Ulster County SPCA Aims to Expand

The Ulster County SPCA needs funds to expand. The non-profit organization provides temporary shelter for animals and works to find them adoptive homes. Time Warner Cable News reporter Candace Dunkley explains.

TOWN OF ULSTER, N.Y. —  Inside the Ulster County SPCA is a place where all animals are special, animals like Squirtle.

“The adoption didn’t work out and she was brought back to us because the adopters weren’t ready for a new puppy. Now she is back with us and she is ready for a loving home,” said Ulster County SPCA Marketing Coordinator Jennifer Geuss.

Squirtle is one of about 40 dogs housed at the Ulster County SPCA they also house about 100 cats.

Space is limited and workers are forced to get creative.

“Un-orthodox situations, so we’ve got dogs in offices, we’ve got our dog kitchen and we have a dog living in there currently. Ideally we would not have them in spaces like this they would have their own kennels and their own rooms,” said office manager Robert Miraldi.

Employees make it their mission to try to find each animal an adoptive home. The SPCA wants to increase dog adoptions by 30 percent and to do that they need space for about 25 more dogs. They are trying to raise about $150,000 in order to expand.

“More kennels allows us obviously to keep more dogs on the premises but it also allows for more interactions with possible adopters. People have more opportunities to go in the rooms with the dogs, they see them in their natural habitat and they get to know the dog before bringing it home,” said Miraldi.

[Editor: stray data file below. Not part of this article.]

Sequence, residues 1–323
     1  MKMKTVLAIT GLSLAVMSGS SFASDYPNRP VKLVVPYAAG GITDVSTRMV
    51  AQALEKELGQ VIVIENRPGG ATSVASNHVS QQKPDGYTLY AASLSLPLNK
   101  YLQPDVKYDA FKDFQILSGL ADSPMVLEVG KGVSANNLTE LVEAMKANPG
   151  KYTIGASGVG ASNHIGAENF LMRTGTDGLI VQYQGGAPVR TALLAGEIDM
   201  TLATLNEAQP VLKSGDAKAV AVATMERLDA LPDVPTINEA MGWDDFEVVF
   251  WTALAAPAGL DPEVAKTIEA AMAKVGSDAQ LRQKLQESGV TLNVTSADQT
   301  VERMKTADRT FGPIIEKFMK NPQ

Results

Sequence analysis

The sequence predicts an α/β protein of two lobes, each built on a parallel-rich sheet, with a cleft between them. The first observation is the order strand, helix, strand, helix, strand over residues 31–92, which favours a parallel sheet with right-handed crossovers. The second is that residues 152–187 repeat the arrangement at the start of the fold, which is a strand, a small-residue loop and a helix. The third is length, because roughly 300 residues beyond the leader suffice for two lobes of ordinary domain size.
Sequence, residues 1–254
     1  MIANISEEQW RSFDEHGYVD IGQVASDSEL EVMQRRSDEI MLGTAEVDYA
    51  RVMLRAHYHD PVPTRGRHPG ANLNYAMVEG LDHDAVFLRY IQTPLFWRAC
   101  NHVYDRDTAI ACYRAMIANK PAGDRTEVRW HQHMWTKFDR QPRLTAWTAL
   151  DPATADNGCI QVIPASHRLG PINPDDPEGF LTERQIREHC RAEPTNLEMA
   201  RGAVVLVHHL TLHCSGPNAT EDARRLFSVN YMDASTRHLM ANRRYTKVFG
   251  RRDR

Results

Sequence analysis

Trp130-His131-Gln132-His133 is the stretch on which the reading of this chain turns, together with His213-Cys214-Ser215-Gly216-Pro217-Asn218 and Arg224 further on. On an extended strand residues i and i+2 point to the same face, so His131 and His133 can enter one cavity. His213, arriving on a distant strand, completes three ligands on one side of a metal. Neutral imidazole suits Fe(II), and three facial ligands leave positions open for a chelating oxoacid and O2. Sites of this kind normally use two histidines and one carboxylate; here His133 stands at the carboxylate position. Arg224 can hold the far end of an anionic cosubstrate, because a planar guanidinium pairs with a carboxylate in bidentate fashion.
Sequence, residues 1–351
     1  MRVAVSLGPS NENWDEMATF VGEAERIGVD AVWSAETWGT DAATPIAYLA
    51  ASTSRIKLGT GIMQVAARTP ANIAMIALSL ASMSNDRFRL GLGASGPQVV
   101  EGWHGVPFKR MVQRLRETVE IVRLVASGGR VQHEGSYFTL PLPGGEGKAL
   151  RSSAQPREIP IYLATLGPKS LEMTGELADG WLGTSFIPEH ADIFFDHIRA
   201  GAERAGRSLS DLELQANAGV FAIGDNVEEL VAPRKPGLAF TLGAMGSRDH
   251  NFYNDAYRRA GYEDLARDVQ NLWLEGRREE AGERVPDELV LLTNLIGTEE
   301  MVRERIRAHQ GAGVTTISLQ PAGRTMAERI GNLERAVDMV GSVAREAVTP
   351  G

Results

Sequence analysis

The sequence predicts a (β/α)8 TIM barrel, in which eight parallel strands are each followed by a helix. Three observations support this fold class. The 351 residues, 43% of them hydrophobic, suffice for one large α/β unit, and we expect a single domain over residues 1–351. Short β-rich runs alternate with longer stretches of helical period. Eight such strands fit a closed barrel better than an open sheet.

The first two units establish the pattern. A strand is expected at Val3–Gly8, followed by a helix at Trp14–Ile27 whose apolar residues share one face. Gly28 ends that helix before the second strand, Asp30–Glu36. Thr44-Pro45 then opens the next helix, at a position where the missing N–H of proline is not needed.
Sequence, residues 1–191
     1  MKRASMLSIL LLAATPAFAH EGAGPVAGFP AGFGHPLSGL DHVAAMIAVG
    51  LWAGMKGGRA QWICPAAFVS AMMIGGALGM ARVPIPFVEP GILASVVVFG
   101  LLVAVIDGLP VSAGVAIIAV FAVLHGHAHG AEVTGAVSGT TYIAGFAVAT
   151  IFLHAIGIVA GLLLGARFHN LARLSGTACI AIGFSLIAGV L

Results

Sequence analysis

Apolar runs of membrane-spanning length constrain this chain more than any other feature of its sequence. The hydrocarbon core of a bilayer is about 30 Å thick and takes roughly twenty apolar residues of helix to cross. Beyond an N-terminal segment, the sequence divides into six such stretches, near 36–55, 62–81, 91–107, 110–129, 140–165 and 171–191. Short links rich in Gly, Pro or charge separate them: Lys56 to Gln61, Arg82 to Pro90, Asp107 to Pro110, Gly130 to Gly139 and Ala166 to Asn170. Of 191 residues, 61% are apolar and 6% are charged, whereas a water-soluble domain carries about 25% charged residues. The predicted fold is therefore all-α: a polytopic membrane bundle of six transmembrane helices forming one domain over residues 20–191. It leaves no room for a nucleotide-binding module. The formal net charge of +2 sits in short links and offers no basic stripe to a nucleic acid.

A home that employees said every dog deserves.

“Everybody here is very attentive to every single one of our dogs, and Squirtle definitely deserves a good home because she’s a cutie,” said Geuss.

If you would like to donate make your check out to: Ulster County SPCA and mail it to 20 Wiedy Road Kingston, N.Y., 12401 or you can also donate online.

Ulster County legislator, New Paltz cable access chief team up to encourage dog adoptions from SPCA

Nov. 20, 2014

Patricia Doxsey, Daily Freeman

TOWN OF ULSTER >> An unabashed dog lover, Ken Wishnick found himself becoming upset every time he saw a television commerical depicting abandoned, abused animals left to languish unloved in a shelter.

But the Ulster County legislator and owner of a rescue dog of his own didn’t want to just send a check.

“I decided I wanted to do something,” said Wishnick. “I wanted to help dogs that are abused or abandoned find good homes.”

A few months ago, the New Paltz resident teamed up with Bob Fagan, the owner of USIA Video and the public access director for New Paltz, to create a show featuring the dogs of the Ulster County SPCA waiting for their “forever homes.”

Called “Rescue Me,” the-half-hour segment, filmed monthly at the Weidy Road shelter off Sawkill Road in the town of Ulster, features four dogs available for adoption at the SPCA, and offers tips from veterinarians, a dog trainer, and others about animal care.

A segment in October featured Nathan, a two-year-old pit bull terrier, Mary Jane, a seven-year-old beagle, Earth, a three-month old mixed breed puppy, and Dutchess, a nearly three-year-old Mastiff.

The segment also featured a piece on canine dental care and dog walking.

“It’s very positive, it allows us to showcase our animals in a form that their not usually seen,” said Adam Saunders, executive director of the Ulster County SPCA.

As a result of the October showing, Mary Jane and Earth were both adopted, shelter officials said.

In fact, since the first show, 12 of the 16 dogs featured have found their forever homes.

Nathan and Dutchess were among 12 dogs recently available for adoption.